Somewhere in Paris, there is a man with an orange suit, and he has a lot to answer for. Not a Guantanamo Bay-style suit, but a gent’s two-piece, in a needlecord material.
I spotted him standing on the Champs Elysee a few years ago, tall, stocky, late-50s or older. He had about him an air of quiet confidence, which is pretty much compulsory if you’re going to go outside in an orange suit, even one as well-cut as his. He had paused during his perambulations to light a stubby cigarette and, as he regained his stride, I heard accordion music and I spotted Inspector Maigret stepping out from the shadows to mutter to a junior officer: “Fellow zee homme in ze costume a l’Orange!”
Suits you sir!
The accordion music and Maigret faded from my imagination, but the orange man was still there, ambling nonchalantly away from me. And that is the moment I blame for my current flirtation, if that’s all it is, with, shall we say, a more colourful wardrobe. Back in Brussels, I remarked to a little man who runs what we used to call a gent’s outfitters that the French peacock is still alive and well among the grey suits of the male species. Ah, he insisted, there is a Belgian peacock too, and disappeared towards the back of the shop and returned, wheeling a rack of garments which, if sewn together, would have put Joseph’s Technicolour Dreamcoat to shame. But why, I asked, are you keeping these things hidden? He gestured me into a mid-yellow cord creation: “Because I don’t want to scare away my more traditional customeurs.”
Between then and now, in what is clearly a mid-life crisis, I’ve acquired not just orange trousers, but yellow, green, and some in colours worthy of a restaurant dessert trolley. Another occupant of Meade Towers vetoed the purchase of an orange suit, arguing that the proximity of the jacket to my face made me look anaemic. But I sneaked home with a yellow needlecord suit some time ago under cover of darkness, plus a rather dashing tweed jacket with a bold red check.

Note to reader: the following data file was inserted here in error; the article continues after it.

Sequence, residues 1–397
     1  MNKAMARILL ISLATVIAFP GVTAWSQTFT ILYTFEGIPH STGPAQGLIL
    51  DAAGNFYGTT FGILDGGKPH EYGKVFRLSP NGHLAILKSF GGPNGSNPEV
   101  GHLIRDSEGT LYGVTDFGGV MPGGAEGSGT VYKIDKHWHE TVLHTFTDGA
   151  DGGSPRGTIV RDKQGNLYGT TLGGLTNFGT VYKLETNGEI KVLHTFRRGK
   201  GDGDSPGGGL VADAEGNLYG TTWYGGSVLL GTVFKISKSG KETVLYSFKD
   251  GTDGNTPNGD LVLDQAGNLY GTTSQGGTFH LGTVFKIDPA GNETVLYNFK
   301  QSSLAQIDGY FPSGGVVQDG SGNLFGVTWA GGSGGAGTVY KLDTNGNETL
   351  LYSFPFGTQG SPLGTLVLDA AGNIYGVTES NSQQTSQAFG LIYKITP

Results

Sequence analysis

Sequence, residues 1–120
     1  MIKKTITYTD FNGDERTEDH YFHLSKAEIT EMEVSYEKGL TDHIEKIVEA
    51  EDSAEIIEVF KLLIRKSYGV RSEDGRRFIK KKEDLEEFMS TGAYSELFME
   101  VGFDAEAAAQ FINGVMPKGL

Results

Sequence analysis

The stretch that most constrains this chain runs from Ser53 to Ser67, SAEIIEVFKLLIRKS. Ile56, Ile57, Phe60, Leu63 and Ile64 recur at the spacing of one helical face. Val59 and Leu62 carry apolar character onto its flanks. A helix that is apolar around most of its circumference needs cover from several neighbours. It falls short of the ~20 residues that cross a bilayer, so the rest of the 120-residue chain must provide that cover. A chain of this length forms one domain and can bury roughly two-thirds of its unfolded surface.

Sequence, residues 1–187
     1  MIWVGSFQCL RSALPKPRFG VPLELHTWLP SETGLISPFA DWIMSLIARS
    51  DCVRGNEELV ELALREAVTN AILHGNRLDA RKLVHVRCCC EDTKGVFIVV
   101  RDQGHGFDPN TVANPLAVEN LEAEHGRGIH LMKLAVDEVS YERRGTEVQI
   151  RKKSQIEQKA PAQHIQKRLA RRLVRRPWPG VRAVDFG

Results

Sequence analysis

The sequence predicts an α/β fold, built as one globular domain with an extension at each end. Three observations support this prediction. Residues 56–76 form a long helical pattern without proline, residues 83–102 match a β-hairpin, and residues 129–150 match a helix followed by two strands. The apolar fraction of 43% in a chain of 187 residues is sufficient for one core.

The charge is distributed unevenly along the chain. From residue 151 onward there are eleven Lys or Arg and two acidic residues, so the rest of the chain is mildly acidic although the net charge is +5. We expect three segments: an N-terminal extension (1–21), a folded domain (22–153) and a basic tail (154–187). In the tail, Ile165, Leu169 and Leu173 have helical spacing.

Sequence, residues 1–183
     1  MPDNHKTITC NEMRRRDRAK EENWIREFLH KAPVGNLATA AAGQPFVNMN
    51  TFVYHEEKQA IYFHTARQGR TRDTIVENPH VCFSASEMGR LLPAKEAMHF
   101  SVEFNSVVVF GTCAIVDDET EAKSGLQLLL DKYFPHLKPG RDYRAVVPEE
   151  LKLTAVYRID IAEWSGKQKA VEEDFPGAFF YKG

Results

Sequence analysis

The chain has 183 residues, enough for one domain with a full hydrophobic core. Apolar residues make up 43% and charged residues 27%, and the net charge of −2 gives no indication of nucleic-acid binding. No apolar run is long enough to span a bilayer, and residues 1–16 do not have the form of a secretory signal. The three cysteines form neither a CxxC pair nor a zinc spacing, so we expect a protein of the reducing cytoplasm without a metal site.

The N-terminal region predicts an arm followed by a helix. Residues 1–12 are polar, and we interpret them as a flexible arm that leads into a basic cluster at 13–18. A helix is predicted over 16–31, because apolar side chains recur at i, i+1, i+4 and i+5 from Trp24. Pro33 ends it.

I have a pact with one of the Meadelets that I will not wear my deep red trousers when in her company, and I haven’t even dared discuss the ones the shade of raspberry ripple ice-cream or the moleskin ones in a kind of Banoffi Pie tone. I’m not wearing the yellow suit until I see someone else in one first but, just the other day, the Mayor of London (dark blue regulation suit), was in town and commented favourably on my pale green linen suit.
Then there’s my two-tone gangster shoes (pale brown and cream) which the salesman in London said he’d like to buy himself, but daren’t, as he lived in a sartorially risk-averse city centre.
“But I live in Brussels,” I said. He nodded: “That’s okay then – people are much more tolerant on the continent.”
Geoff Meade / Together Magazine / Expatica
Reprinted with permission of Together Magazine.
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